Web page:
The push for more STEM curriculum or science, technology, math, and engineeering instruction in schools is the latest calamity and call to action. It’s also the cover package of October’s ASBJ.
You’ll have to read my colleague, Larry Hardy’s story to get an overview of the issue and whether this really is a crisis.
In doing research and reporting for the accompanying sidebars, however, I discovered there really is some validity to the “crisis” designation— and its buried in the ground.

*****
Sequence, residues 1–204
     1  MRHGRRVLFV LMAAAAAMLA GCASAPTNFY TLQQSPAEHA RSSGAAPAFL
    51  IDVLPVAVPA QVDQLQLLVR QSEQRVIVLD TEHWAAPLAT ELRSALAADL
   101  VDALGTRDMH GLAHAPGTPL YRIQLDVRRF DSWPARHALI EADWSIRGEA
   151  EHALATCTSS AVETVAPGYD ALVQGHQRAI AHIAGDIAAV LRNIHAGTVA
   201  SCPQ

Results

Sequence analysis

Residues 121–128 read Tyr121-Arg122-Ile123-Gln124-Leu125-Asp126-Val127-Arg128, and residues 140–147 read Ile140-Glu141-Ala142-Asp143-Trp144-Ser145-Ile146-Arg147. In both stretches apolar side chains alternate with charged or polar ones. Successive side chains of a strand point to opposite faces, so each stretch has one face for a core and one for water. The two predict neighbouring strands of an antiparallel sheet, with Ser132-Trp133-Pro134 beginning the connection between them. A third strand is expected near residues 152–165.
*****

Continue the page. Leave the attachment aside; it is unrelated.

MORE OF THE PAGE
Game simulations, video conferencing, online learnings— schools have myriad new technology applications available today, enabling to make instruction in STEM subjects (any subjects for that matter) more relevant, dynamic, and customizable to each student.
Problem is, you can’t really access those applications unless you have the technological infrastructure to support them.